He played for a division rival, took great pleasure in beating up on the neighbors from Minnesota, and spoke with the kind of drawl that could coax you into a nap even if you were standing up.
He grew up in a small town, loved hunting, wore his hair buzzed tight to his scalp, showed off the forearms of a steelworker and became a cameo star who burnished his Hall of Fame credentials while playing in downtown Minneapolis in the year in which he turned 40.
Yes, Brett Favre put on quite a show when he decided to cross the border.
So did Jim Thome.
Favre entered the Pro Football Hall of Fame in 2016. Thome will be inducted into the Baseball Hall of Fame this weekend. Both were no-doubt Hall of Famers before they arrived in Minnesota, and both provided a highlight reel of a season here while helping the local team to the playoffs.
What we learned about Favre was the seemingly apocryphal stories about him were not exaggerated. He could turn any news conference into a filibuster, could send veiled messages with every sentence.
We learned his football intellect was matched only by a right arm that turned his thoughts into instant action, and that he would willingly play on an ankle swollen to the size of a honeydew melon.
He was everything he was supposed to be, and so was Thome.
Thome grew up in the backwoods of Illinois and cut his teeth in Cleveland. He hit 52 homers in 2002, his 12th season with the Indians, before beginning his journeys. He played for the Phillies, then the White Sox, for whom he hit the home run that decided Game 163 against the Twins in Chicago in 2008.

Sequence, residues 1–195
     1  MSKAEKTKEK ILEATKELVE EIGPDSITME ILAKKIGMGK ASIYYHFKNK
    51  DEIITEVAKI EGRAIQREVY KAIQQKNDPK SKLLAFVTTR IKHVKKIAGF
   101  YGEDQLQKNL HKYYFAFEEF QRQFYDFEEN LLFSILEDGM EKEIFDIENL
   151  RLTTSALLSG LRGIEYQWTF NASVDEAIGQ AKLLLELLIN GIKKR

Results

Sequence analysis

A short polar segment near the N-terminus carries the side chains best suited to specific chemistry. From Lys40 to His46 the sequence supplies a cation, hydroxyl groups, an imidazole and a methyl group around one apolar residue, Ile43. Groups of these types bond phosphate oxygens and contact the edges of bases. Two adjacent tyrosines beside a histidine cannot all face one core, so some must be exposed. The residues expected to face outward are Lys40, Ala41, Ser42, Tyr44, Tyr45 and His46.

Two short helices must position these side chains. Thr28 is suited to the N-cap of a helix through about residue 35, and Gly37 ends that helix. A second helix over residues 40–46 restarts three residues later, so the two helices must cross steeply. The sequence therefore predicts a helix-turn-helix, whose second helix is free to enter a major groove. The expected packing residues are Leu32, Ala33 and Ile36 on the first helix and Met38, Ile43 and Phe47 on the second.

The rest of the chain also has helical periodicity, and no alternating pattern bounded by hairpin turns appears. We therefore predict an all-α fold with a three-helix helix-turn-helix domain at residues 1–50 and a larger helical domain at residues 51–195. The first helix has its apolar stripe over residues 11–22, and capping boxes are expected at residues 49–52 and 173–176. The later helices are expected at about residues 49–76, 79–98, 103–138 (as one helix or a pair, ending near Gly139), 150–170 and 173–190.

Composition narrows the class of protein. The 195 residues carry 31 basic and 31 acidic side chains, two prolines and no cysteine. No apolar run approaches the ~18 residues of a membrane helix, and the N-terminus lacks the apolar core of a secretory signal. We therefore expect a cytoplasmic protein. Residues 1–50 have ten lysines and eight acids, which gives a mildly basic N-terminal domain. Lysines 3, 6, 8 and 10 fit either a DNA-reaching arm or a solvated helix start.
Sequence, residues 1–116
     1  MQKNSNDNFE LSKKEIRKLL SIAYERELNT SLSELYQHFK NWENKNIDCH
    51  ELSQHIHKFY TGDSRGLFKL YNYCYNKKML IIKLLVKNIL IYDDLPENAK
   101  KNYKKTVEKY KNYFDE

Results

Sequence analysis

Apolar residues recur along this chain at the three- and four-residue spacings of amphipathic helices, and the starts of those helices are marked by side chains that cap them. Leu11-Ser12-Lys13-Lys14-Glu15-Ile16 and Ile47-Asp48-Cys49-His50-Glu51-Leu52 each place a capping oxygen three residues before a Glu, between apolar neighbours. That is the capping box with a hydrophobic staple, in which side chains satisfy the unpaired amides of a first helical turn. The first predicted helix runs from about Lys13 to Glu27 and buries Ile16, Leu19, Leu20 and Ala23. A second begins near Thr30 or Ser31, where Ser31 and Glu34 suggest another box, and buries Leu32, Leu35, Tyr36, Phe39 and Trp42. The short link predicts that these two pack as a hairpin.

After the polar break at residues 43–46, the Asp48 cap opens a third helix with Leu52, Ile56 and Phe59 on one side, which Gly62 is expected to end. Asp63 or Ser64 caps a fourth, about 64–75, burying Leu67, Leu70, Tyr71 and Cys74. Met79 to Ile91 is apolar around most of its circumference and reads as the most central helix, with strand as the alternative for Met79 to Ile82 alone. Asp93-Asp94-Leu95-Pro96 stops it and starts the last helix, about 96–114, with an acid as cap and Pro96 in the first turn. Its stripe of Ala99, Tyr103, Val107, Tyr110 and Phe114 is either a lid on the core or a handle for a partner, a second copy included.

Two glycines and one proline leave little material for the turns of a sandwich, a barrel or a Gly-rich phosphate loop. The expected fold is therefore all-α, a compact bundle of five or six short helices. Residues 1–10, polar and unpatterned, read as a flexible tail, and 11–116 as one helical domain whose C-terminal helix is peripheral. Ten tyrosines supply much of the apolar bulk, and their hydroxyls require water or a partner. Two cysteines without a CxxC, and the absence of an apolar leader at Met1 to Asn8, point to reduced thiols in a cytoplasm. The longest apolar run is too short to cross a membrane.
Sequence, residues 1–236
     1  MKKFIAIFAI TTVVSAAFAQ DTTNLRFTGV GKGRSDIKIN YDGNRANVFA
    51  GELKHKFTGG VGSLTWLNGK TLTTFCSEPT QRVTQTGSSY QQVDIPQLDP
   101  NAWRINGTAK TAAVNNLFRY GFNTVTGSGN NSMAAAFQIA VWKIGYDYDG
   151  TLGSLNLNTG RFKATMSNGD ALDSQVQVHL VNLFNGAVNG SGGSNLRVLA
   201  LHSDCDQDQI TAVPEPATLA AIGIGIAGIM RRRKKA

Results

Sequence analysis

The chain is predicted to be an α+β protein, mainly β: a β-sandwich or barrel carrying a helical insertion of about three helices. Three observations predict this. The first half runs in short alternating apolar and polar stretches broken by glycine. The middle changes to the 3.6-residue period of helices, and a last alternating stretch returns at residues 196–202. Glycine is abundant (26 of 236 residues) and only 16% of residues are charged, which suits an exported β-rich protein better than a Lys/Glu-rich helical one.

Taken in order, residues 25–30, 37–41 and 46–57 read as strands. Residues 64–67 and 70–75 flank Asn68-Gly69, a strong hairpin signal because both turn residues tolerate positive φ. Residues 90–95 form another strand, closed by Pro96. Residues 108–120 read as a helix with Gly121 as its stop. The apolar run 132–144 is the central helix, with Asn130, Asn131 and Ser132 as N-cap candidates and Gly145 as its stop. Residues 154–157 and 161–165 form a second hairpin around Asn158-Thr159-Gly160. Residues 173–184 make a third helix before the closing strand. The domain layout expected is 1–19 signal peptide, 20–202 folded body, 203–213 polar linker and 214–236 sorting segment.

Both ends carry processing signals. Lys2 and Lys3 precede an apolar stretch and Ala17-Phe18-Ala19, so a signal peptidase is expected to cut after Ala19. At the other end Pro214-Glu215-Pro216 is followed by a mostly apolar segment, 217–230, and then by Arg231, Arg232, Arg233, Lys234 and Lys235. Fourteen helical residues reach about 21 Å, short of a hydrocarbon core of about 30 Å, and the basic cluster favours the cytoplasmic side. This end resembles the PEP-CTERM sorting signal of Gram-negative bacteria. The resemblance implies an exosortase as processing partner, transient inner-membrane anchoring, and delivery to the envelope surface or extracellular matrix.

Two seasons later, he was playing for the Twins, and proud enough of that swing to taunt Twins fans about it at one of his first public appearances in Minnesota.
Like Favre, Thome hid a card counter's shrewdness beneath his small-town Illinois accent, and like Favre, Thome brought the local franchise something it had been missing since the 1970s.
Favre took control of a powerhouse Vikings team the way Fran Tarkenton once did. Thome gave the Twins their first historic veteran power hitter since Harmon Killebrew.
Most great Twins hitters have been unable to write happy endings to their time in Minnesota. Tony Oliva blew out his knee. Rod Carew left. Kirby Puckett went blind. Kent Hrbek wore down. Joe Mauer and Justin Morneau suffered injuries that altered the arcs of their careers.
Thome came to Minnesota and hit 25 home runs in 276 at-bats in the season in which he turned 40. His on-base-plus-slugging percentage of 1.039 was the fourth-best of his career. His two-run, 10th inning walkoff homer off White Sox standout lefthander Matt Thornton in August 2010 stands as the best moment in Target Field's otherwise numbing history.
Thome played through back problems without complaint, and became an on-site idol to the likes of Morneau and Mauer.
"We always talk when we're in town," Twins second baseman Brian Dozier said. "I saw him in Chicago last month. We talked a lot about deer hunting — that was a big thing. He loves it like I do. He's like an honorary Mississippian, the way he loves to hunt and be outdoors."
Dozier lives in Hattiesburg, where Favre makes his home. Thome and Favre would probably enjoy spending time in the woods on Favre's estate, comparing scars, and telling stories that would last a very long time.
Jim Souhan's podcast can be heard at MNSPN.com. On Twitter: @SouhanStrib E-mail: email@example.com